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Monthly Archives: July 2020

Dogs & Dementia: What You Need to Know

Recognizing Canine Cognitive Disorder

Improvements in diets and veterinary care mean that most pets are living longer than ever, so it’s important to adapt diet and care to their particular needs at each stage of life. In addition, we’re also more likely to see more serious age-related health conditions arise. Senior pets require increased attention including more trips to the vet, possible changes in diet, and in some cases, changes in their home environment. However, some age-related conditions such as Canine Cognitive Disorder, also known as Dog Alzheimer’s, will require lifelong therapy along with frequent veterinary care and support to manage.

Causes of Dementia in Dogs

If you’ve ever cared for an elderly loved one, you know that memory issues and confusion are common, but these symptoms can also indicate a bigger underlying health issue. It is the same for dogs. Most dogs are considered seniors around the age of seven. Larger breeds of dogs tend to have shorter lifespans, so they reach senior status earlier than some smaller breeds. As we age, the brain gradually atrophies and cells begin to die, eventually impacting brain function, memory, and mood. Small strokes may also play a role.

While the exact causes of Canine Cognitive Disorder are not fully understood, it’s likely that the same health conditions that trigger Alzheimer’s and other forms of dementia in people are at work in aging pets as well. Although the initial symptoms of canine cognitive disorder are mild, they will gradually worsen over time, which is known as “cognitive decline.” In a senior or geriatric pet, any change can be serious, so it’s important to talk to your veterinarian at the first sign of a problem to ensure your pet maintains their quality of life.

Dog Alzheimer’s Symptoms

Clinical signs of cognitive dysfunction are found in nearly one in three dogs over the age of 11. By the age of 16, nearly all dogs will display at least one sign. Some dogs with dementia will begin to display aggression, most likely due to confusion and fear. The most common symptoms of dementia in dogs that you need to know include:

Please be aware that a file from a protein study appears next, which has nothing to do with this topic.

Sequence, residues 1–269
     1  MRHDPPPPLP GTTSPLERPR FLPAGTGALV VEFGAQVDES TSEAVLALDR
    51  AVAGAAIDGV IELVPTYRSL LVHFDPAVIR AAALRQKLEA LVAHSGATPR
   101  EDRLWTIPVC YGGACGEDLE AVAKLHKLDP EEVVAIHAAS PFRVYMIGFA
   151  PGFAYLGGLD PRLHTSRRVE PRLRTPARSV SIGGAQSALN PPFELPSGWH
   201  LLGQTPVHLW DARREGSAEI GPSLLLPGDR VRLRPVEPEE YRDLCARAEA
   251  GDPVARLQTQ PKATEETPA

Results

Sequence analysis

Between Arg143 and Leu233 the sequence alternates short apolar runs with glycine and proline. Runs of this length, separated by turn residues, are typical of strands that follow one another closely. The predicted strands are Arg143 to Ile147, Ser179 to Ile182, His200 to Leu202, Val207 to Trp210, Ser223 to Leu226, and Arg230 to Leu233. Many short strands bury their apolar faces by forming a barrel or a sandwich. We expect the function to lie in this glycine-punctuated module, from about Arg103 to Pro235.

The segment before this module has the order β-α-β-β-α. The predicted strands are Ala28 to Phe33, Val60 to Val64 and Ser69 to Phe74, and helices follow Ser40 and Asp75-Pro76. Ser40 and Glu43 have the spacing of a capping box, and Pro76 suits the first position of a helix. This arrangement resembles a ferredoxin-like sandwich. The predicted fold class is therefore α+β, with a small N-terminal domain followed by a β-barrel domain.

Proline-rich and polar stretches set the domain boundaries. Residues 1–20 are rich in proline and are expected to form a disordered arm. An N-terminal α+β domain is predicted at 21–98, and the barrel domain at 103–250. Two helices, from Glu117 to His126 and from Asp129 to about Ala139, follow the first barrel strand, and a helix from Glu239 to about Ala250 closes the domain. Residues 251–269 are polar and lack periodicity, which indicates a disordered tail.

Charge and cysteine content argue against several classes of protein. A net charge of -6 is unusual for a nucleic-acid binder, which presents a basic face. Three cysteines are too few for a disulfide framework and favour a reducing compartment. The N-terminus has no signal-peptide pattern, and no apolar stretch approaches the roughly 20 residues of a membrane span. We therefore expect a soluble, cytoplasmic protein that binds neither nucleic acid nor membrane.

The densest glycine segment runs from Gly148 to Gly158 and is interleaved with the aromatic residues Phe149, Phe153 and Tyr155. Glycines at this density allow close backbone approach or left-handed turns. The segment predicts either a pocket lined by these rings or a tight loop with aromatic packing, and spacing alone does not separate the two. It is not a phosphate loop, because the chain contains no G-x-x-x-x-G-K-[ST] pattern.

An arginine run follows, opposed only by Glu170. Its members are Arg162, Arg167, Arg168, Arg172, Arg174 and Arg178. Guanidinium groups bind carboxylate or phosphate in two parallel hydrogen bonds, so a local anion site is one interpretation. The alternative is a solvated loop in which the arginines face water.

• Disorientation/confusion
  • Anxiety/restlessness
  • Extreme irritability
  • Decreased desire to play
  • Excessive licking
  • Loss of appetite (anorexia)
  • Forgetting previously learned training or house rules
  • Slow to learn new tasks
  • Unable to follow familiar routes
  • Excessive barking or howling
  • Lack of self-grooming
  • Fecal and urinary incontinence
  • Changes in sleep cycle

Diagnosing Canine Cognitive Disorder

If you observe any of these or other behavioral changes in your dog, notify your vet immediately. A full veterinary physical exam, along with blood tests, ultrasounds, or other diagnostic tools can help your vet determine what may be happening with your pet. From there, a treatment plan can be formulated to meet your pet’s needs to help slow the cognitive decline and keep them as healthy and happy as possible during their senior years.

Caring for Dogs with Alzheimer’s

As scary as it is, a diagnosis of Canine Cognitive Disorder is not an immediate death sentence. There are many steps you can take to help slow cognitive decline including maintaining a healthy and stimulating environment for your pet and sticking to a regular daily routine of exercise, meals, and playtime. Your veterinarian can recommend a balanced diet that includes key supplements such as antioxidants, vitamins E and C, selenium, flavonoids, beta carotene, carotenoids, omega-3, or carnitine, which can help improve and support your dog’s cognitive function. At night, keep your dog in a small, familiar area for their comfort and safety. Night lights and orthopedic foam beds can help keep them comfortable and calm, so they can get adequate rest during the nighttime hours. Potty pads nearby or located near the door can help prevent accidents when your pup can’t wait to go out, or you’re asleep.

Ultimately, the life expectancy of a dog with Canine Cognitive Disorder or dementia is hard to predict. If the dog is otherwise healthy, dementia will gradually diminish the pet’s quality of life which can be a matter of months or years. Work with your veterinarian to monitor your dog’s quality of life, partnering with them to keep your senior dog comfortable, happy, and as healthy as possible throughout your journey together!